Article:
It’s a tribute to the tenacity of old ideas and outdated frameworks that the political mainstream reacted so predictably, when Benjamin Netanyahu said, just before Tuesday’s election, that there would be no Palestinian state on his watch.
The left evinced a perfunctory horror that he would say this, attributing it to a hard lurch to the right to appeal to “extremists” among Israeli voters. The left characterized the right as “downplaying” Netanyahu’s comment, careful to make sure that what casual readers hear is the left’s theme that such a statement needs downplaying.
The Obama administration has rushed out to “admonish” Netanyahu and affirm U.S. support for the creation of a Palestinian state. Spokesman Josh Earnest intimated that Team Obama would have to “reevaluate” its approach going forward, now that Netanyahu has announced his opposition:
And while Earnest said Obama would be calling Netanyahu to congratulate him on his victory, he acknowledged the U.S. would have to re-evaluate the best way to bring about a two-state resolution to the Israeli-Palestinian conflict — a cornerstone of U.S. Mideast policy for years. In a veer to the right just before the election, Netanyahu reversed his former position and said he now opposes the creation of a separate Palestinian state.
In light of the administration’s continued commitment to a “two-state solution,” this comes off as yet another veiled threat to Israel.
Ho hum. Given the track record of Obama’s unveiled threats to recalcitrant foreigners, Netanyahu’s worries haven’t increased that much.
But the more important point is that Netanyahu said no more than what the sensible observer should have been saying for several years now. In effect, it’s what a number of American Republicans have actually said in the last two days (as opposed to “downplaying” Netanyahu’s point). The Oslo process – the framework for negotiating a two-state solution – is dead, and for good reason: the conditions for it no longer exist.
If Oslo wasn’t dead before Mahmoud Abbas shot it in the heart in 2011, by making his unilateral statehood bid in the UN, it was afterward. (Unilateral pursuit of a final-status “solution” is a stipulated violation of Oslo.) Abbas has continued on that path in the years since, thwarted basically by the U.S. veto on the Security Council.
But there is plenty more to militate against a resurrection of Oslo. Fatah is now in a unity government with Hamas, which continues to attack Israel – with rocket barrages as well as terror in the streets – and has provoked with those attacks three major military actions since late 2008, as well as a number of minor ones. That alone makes Fatah a non-credible “peace partner.”
Netanyahu implied this key concern in his response after the initial disclaimer about a Palestinian state:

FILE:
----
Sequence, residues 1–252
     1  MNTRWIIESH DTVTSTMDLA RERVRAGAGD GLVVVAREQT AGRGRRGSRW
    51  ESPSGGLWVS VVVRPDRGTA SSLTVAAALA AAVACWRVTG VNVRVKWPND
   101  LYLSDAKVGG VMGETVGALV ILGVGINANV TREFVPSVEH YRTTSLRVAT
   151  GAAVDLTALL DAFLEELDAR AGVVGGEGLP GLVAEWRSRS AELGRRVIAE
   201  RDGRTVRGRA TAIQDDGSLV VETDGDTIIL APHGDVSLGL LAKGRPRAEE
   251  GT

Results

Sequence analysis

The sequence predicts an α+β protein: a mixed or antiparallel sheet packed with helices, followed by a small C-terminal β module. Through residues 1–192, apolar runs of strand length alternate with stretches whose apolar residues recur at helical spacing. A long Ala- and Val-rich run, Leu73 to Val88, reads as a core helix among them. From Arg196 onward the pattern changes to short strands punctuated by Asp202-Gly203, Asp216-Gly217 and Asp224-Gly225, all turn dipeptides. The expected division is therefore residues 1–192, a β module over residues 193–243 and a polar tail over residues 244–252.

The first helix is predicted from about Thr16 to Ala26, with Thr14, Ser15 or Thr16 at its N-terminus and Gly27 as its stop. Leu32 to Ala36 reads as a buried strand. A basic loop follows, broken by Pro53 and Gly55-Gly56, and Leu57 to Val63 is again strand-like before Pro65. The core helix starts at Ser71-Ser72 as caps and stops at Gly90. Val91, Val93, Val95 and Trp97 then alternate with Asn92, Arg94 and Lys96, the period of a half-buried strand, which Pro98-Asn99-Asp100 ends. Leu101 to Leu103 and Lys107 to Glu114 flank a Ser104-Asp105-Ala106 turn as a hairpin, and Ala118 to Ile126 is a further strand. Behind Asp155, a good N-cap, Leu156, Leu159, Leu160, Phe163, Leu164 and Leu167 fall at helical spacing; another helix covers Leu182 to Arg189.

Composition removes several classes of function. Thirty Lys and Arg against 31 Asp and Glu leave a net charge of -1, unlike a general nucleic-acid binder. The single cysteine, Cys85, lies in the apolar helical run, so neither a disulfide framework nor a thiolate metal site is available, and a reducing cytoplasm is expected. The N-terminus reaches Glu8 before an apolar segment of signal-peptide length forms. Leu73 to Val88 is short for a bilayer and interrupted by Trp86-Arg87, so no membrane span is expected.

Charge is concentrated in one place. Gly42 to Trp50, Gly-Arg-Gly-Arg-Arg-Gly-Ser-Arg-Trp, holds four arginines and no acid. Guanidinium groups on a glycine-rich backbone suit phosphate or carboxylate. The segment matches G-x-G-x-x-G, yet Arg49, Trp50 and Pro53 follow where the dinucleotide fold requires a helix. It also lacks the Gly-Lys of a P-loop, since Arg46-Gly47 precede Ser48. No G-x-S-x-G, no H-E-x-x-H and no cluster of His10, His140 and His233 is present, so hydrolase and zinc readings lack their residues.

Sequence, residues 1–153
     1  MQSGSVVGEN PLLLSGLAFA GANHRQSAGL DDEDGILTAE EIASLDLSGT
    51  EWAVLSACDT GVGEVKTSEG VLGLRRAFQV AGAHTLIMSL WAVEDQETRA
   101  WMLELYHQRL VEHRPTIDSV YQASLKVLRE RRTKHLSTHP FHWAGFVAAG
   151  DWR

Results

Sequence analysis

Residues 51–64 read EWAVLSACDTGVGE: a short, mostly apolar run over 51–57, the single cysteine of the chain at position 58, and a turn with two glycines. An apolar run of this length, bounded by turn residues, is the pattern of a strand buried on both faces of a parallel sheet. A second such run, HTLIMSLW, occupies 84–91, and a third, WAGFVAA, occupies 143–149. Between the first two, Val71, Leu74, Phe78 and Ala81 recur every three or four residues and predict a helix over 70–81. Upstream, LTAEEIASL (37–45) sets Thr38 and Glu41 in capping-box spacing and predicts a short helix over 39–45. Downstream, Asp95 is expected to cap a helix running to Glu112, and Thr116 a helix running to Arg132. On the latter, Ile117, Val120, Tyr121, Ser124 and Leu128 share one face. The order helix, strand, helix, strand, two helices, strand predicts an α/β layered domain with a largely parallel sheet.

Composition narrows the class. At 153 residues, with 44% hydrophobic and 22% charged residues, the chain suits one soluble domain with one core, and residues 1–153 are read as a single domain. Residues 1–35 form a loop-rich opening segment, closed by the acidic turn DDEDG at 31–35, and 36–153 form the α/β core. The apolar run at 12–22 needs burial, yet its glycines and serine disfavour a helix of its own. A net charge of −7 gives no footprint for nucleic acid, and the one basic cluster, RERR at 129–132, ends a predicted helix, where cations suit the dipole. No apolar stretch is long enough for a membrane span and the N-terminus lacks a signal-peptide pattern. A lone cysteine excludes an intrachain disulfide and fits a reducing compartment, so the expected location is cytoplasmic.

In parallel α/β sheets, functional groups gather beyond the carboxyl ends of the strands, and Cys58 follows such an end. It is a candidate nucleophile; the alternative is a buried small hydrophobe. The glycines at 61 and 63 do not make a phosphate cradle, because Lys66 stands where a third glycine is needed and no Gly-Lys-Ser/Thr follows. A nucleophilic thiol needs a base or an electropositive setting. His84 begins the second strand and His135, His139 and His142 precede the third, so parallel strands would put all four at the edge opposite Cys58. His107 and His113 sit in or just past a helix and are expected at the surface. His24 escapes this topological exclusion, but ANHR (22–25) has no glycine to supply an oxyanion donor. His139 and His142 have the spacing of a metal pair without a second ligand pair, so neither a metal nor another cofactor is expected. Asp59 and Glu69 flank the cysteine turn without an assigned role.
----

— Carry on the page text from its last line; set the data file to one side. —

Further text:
In an interview published Monday on the NRG news website, Netanyahu said withdrawing from occupied areas to make way for a Palestinian state would only ensure that territory will be taken over by Islamic extremists. When asked if that means a Palestinian state will not be established if he is elected, Netanyahu said “indeed.”
The prime minister doubled down on his remarks in a phone interview with Israel’s Channel 10 television after casting his ballot Tuesday, saying that any state established alongside Israel would “attack us with rockets … Who wants such a thing?”
Who indeed? But there’s more. The Arab Spring has entirely undone the former security stasis of the region Israel inhabits. Through both its first-order effects (e.g., Syria) and its second-order effects (the rise of ISIS, new vacuums for Iran to fill), the Arab Spring has materially transformed Israel’s own security situation. It’s not what it was four years ago. It’s not even what it was two years ago.
The vulnerabilities Israel would be opening herself to by accepting a questionable Palestinian statehood deal – and there is no such thing as a non-questionable deal – have become too great to accept.
The following is the most accurate way to see the issue. Just as the proposed Obama deal on Iran’s nuclear program would pave the way to a bomb for Iran, so any creation of a Palestinian state would pave the way, under today’s conditions, for both Iran and Islamic State to maneuver into the territory of that state, and pose an immediate and catastrophic threat to Israel.
The mainstream media are of course depicting Netanyahu as having changed his tune about a Palestinian state for cynical political reasons. In fact, reality has changed comprehensively since he last spoke on the subject. He’d be a cynical and irresponsible leader of Israel if he had not changed his framing of policy.
Israel has resoundingly returned Netanyahu to his leadership role, in spite of Obama’s best efforts to get out the anti-Netanyahu vote. Besides ensuring that Israel won’t agree to any bad Palestinian-statehood deals, this also ensures that Obama doesn’t have a free hand to pave Iran’s path to a bomb.
The world can’t breathe easy, by any means. But the sealing of our fate has been staved off. With a Netanyahu government in power, there is still one card left to play against the near-term prospect of a radical, nuclear-armed Iran.